How do teachers feel about acts of violence that result in the murder of students of color? Besides parents, we make the greatest investment in the nation's youth. We nurture them. We watch them grow. We set them on the path to realize their dreams and send them into a world where their race still invites acts of suspicion and brutality. We have wept silently and individually for so many you like Michael Brown. The nation needs to know how we feel.
- Dr. Yohuru Williams
I'm too emotional to think clearly but I've begun a gathering. I'm gathering articles, pictures, and links to discuss Eric Garner and Michael Brown. I'm going to address this the first week of school. When we are going over the rules, behavior, and expectations. I will touch on the very real truth that what my brown and black students do in public can and is perceived as worse than what any other teen does.
The school itself feels like a prison. They come in late to first period due to snafus with metal detectors. Walking down the hallway in a multi-school campus building has them accused of “trespassing”. Trying to explain that the bathroom on the floor was closed, gets them yelled at for “talking back”/ situations are escalated. The student is documented and then put into the system. This is in a school. I am tired of my students being criminalized. The environment is oppressive.
Working in the Bronx, I've written letters of recommendation and character witness letters. Students have hopped on the back of a bus in a rush and been roughly pulled out by the collar by officers. Arrested or detained for some perceived offense. Brought into the system. They have cried in my classroom. I have felt helpless. Does anything I do in my classroom even matter when a police officer can justify unjustly harsh treatment, violence, injury, and death of a student by saying he felt threatened, or the student resisted?
Hence, the gathering. The printing, The compiling. I will waste the ink in my printer. I will stand at that stupid broken copier in the hot office, where the smell of the polluted creek behind the school sneaks in and copy each page one by one. To reach each student one by one, I have become convinced of the need for stand for justice even in small ways to change the culture of fear and violence. Will you stand with me?
- Aixa Rodriguez
I took the day off yesterday. I made a purposeful decision to ignore the internet yesterday, no Facebook, no twitter, no internet news. I did not have any communication, except with my children. I was due for a day of spending time with some very wonderful friends, listening to live music, and celebrating the life of one of (in my opinion) the greatest guitar player of all time. Then I woke up today and reality hit, and it hit extremely hard. I experienced a quick drowning feeling in the realization that, even though my life may have been good for a day, other people were living in a nightmare.
When I signed on again, I soon learned about the unjustified murder of Michael Brown. Reading his story, as a mother, I have been extremely upset at the thought of the possibility of dealing with such a trauma. Like Michael, my own boy is eighteen, having recently graduated from high school as well. These are the thoughts that kept running through my head, haunting me, as I was out running errands this morning.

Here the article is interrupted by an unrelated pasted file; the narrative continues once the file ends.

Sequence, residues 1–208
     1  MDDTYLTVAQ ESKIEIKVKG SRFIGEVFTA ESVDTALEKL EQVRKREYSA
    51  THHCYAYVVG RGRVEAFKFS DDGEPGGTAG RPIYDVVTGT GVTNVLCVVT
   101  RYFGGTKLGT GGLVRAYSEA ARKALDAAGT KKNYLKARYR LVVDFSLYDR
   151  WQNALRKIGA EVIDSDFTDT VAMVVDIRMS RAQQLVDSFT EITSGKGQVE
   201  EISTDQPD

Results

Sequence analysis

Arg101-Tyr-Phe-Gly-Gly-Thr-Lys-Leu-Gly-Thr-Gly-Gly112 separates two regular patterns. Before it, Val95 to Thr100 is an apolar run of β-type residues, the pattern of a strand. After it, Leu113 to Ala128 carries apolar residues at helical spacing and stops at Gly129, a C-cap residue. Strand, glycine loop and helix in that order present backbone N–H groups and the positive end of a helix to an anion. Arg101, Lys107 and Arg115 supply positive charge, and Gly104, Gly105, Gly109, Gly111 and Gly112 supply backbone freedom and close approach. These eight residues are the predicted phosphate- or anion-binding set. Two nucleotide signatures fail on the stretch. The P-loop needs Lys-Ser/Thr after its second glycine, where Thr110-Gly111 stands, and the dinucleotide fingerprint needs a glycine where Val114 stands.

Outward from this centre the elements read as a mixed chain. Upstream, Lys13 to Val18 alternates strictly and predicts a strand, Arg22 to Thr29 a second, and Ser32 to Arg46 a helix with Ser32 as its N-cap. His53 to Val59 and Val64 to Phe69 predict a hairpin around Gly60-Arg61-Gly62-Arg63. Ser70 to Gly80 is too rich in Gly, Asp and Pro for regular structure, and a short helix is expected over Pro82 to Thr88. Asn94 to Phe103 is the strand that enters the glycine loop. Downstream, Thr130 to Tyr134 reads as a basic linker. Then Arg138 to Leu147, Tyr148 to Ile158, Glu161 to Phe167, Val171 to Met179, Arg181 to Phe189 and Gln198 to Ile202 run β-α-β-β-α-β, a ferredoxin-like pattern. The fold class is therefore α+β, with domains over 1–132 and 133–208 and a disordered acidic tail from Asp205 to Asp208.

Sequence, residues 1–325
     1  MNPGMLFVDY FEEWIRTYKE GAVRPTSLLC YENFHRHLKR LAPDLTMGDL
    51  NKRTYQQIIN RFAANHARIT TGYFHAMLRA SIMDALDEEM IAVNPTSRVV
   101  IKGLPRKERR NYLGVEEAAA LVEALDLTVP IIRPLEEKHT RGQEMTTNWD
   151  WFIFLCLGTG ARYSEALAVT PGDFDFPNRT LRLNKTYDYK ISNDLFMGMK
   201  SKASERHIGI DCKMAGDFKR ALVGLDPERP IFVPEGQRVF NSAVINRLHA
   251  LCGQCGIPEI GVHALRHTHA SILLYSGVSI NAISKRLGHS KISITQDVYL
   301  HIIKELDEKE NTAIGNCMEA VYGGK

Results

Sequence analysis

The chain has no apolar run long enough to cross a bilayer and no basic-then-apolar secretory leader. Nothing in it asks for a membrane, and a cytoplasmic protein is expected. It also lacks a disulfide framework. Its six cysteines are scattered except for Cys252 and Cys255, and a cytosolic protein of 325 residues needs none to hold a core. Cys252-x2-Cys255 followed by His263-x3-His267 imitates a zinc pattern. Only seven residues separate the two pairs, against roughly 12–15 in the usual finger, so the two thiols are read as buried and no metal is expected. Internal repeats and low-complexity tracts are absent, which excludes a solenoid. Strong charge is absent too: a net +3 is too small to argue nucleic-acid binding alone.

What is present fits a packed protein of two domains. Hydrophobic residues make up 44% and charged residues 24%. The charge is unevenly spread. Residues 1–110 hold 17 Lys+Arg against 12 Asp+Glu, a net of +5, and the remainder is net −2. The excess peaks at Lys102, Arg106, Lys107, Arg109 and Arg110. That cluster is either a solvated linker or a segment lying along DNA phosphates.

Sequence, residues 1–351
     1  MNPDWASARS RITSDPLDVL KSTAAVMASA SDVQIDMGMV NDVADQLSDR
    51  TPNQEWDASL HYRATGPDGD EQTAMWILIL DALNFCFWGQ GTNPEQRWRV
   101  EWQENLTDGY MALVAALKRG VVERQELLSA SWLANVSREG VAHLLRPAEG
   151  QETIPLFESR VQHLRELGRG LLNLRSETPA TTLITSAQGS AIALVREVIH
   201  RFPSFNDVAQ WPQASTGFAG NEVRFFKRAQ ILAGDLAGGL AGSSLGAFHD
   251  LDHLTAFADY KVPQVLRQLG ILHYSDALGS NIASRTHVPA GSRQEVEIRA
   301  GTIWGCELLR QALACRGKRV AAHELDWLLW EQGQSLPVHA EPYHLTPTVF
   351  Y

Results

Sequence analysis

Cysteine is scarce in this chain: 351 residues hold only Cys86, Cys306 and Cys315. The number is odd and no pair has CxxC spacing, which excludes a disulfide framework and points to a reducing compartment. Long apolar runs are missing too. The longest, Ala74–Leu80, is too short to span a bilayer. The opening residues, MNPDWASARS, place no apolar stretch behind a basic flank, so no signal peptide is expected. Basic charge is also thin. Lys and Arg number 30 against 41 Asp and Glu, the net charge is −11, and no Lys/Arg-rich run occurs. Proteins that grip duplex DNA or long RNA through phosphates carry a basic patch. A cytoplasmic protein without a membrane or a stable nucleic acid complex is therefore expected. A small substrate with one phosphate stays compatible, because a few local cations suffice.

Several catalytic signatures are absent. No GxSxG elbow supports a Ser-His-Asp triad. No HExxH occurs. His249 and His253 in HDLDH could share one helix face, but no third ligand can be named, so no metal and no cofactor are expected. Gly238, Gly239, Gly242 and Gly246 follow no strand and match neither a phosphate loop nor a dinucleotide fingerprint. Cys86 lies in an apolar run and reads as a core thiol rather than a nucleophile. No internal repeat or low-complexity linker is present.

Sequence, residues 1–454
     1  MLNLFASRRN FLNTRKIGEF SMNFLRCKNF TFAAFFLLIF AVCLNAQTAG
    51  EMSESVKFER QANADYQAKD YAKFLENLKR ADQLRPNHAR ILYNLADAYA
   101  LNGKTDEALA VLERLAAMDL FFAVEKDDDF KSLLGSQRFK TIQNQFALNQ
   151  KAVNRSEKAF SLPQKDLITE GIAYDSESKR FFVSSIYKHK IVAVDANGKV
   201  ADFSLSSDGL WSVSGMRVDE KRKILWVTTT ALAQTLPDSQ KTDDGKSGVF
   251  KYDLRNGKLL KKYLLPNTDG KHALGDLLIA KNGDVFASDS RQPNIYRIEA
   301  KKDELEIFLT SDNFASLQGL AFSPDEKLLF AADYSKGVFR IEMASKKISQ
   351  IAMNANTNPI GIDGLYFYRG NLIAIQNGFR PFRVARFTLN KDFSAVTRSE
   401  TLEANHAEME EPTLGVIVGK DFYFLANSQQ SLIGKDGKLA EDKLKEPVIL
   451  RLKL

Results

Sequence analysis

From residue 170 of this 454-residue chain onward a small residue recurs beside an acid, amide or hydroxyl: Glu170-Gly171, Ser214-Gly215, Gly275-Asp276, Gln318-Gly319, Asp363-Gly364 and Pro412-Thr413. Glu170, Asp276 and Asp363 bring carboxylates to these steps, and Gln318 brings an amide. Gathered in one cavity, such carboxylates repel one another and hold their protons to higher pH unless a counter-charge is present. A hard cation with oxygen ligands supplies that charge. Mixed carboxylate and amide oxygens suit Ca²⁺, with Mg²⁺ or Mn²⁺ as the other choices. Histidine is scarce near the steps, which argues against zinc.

But what are the chances that MY son would be a victim to such a violent crime, perpetrated by the police, the very people that are duty-sworn to “serve and protect?” You see, my child is White. We live in an average suburb. He has access to a car to get him from point A to point B. The truth of the matter is, while there is still a chance of him falling victim to a violent crime, the chance of that crime being committed by the police is practically slim to none.
Reports say that Michael Brown was shot as he was walking from his house to his grandmother's house. I began to wonder, “ What would life be like, living with the constant underlying fear, the knowledge that our “protectors,” the police, are a possible threat when my child walks down the street?” Would I have been able to take a day off to spend it with friends yesterday? Would I have been able to tell my children that they needed to remain home, inside, where it was safe all day until I returned home? I would never be able to force my children to become prisoners of their own home. But essentially, isn't that what is being done to the thousands of minority children and families that live in fear that one day their child could be another Michael Brown, another Trayvon Martin?
It is time to call out these crimes against teens of color, against our students that are constantly living with this fear in the back of their minds. Every day of their lives, they come to school and, as teachers, we try our hardest to create safe learning environments to teach state-mandated curriculum. But what are we really teaching them? Are we really teaching them about life? About the injustice that our own society perpetrates upon them? Are we teaching them about how to speak out and rise up against that injustice? Are we standing up for them in the sense that we are speaking out about these crimes, demanding that they stop?
I think it is time for all teachers to take a moment and reflect upon what our students really need from us. So, teachers, the next time someone tells us they don't want us to show our students how to think for themselves, just simply tell them, “You know what? Reality bites.”
- Melissa Tomlinson